A Very Political Regiment: Radicalism and the Rifle Corps

By Kieran Hazzard

At first glance political Radicalism, is not the first idea one might attribute to the men of the 95th, men who had fought for their king against republican France. However, early 19th century politics was an unsettled environment and a surprising number of former Riflemen became involved with political protest in the years following the wars.

A Short History of Radicalism

During the period of the Revolutionary and Napoleonic Wars and into the mid-nineteenth century, political Radicals in Britain stood for the destruction of the traditional social order through revolutionary or political means. The movement was a disparate one, with many individual groups sprouting up across the country, all calling for varying programmes of reform, but all aimed at redistributing power away from the traditional elites and into the hands of the people.

The system of Rotten Boroughs and an elective franchise based upon large property holdings effectively barred anyone but the wealthiest from electing MPs; apart from in a few boroughs such as Westminster where the more open franchise allowed Radicals to elect their leaders to Parliament. At general elections this limited franchise, in constituencies which did not reflect the shifts in population and left the growing manufacturing towns unrepresented, allowed for a great deal of corruption. In many Rotten Boroughs small bodies of electors were bribed or coerced by local magnates to elect men of their choosing.

Drawing inspiration from the Levellers, the American Revolution, British history and the Revolution in France, British Radicalism argued against the limited nature of the Georgian political nation and the widespread use of patronage and corruption to maintain aristocratic power, and for the re-distribution of constituencies. Different strands of the movement developed, with middle class 'Reformers' aiming to widen the franchise to represent commercial and industrial interests and towns without parliamentary representation, while 'Popular Radicals' drawn from the working class and from artisans agitated to assert wider rights including relieving distress. What united the movement, however, was the rallying call of ‘Universal Suffrage’.

In the wake of the French Revolution, Radical organisations sprang up across the country, demanding economic relief, universal male suffrage and annual elections. Several groups would go further, expressing their support for the redistribution of property or women’s rights. The numbers involved in these movements were small, and most wanted reform rather than revolution, but for the first time the people were organising for political change. The government reacted harshly, imprisoning leading Radicals, temporarily suspending habeas corpus in England and passing the Seditious Meetings Act 1795 which meant that a license was needed for any meeting in a public place consisting of fifty or more people. Throughout the Napoleonic Wars the government took extensive stern measures against feared domestic unrest and was largely successful in crushing dissent.

The fear of Revolution: The Whig, Fox stands ready to cut off the head of George III, behind, Pitt is already hanged by the mob. The Crown and Anchor tavern was a well known meeting place of Radicals who extolled the French Revolution.

In the industrialising North, bands of men called the Luddites began to organise to protest workers rights. Many had been textile artisans who had lost their jobs to the introduction of machinery, which in the worsening economic conditions of the war meant poverty and starvation. The movement began in Nottingham in 1811 and spread rapidly over the following two years. Luddites burned cotton mills and machinery, and for a short time the Luddites were strong enough to clashed openly with the army. At one time, there were more British soldiers fighting the Luddites than Napoleon on the Peninsula. The government sought to suppress the Luddites with a mass show trial at York in January 1813. Over sixty men were charged with various crimes in connection with Luddite activities, all of which were found guilty as a collective. Many were sentenced to death or transportation quickly ending the movement.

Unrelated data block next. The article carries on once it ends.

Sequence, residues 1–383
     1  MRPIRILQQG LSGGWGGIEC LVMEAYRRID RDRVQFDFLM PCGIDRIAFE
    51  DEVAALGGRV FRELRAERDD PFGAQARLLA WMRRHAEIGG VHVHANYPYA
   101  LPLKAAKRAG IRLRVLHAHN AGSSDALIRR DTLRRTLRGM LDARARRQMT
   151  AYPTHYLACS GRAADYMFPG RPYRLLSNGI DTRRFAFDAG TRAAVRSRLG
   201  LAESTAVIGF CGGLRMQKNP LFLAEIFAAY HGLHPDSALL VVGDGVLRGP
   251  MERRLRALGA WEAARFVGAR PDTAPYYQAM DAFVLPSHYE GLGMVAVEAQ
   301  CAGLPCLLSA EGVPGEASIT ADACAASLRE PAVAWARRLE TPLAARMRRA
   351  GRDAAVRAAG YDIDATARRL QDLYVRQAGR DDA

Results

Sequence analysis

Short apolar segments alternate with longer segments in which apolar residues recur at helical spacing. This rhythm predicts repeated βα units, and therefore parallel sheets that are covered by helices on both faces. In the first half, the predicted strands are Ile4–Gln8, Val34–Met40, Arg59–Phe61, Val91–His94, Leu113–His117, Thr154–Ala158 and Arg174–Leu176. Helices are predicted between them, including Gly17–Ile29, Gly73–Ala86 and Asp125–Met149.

After Waterloo the government introduced the Corn laws, which imposed high duties on imported grain, raising the price of bread. The idea had been to encourage domestic production, however, it was largely viewed as the landowners passing a law in their own interest at the expense of ordinary people. Combined with bad harvests, a small electoral franchise and widespread unemployment during the post war depression, this could only foster widespread discontent, leading to rioting in both 1816 and 1817.

This course of events culminated in the infamous Peterloo Massacre of 1819. When the Manchester Patriotic Union, a group agitating for parliamentary reform, organised a demonstration to be addressed by the well-known radical orator Henry Hunt, a crowd of around 60,000 attended. This was viewed with great suspicion by the authorities and shortly after the meeting began, local magistrates called on the military authorities to arrest Hunt and several others on the hustings with him, and to disperse the crowd. Cavalry charged into the crowd with sabres drawn, and in the ensuing confusion, 15 people were killed and around 700 injured.

The Peterloo Massacre, 1819: So named to reference the bloodshed of Waterloo, having taken place in St Peter's Field, Manchester.

Over the next decade or so the political force of Radicalism would ebb once more as the government cracked down and the economy picked up. By the 1830s, however, the clamour for reform and once more reached a crescendo, with popular pressure causing the fall of Wellington’s government and the Whigs coming to power in order to pass the Great Reform Act. This was in fact both a triumph and a defeat for Radicals; for whilst it ended the Rotten Boroughs and gave the vote to many members of the wealthy middle class, it stripped the movement of their crucial support. Over the course of the century workers would continue to organise and pressure for change, and Radicalism would go through many transformations and gain further concessions from government, however, it would take until 1918 for all their demands, including universal suffrage, to be achieved.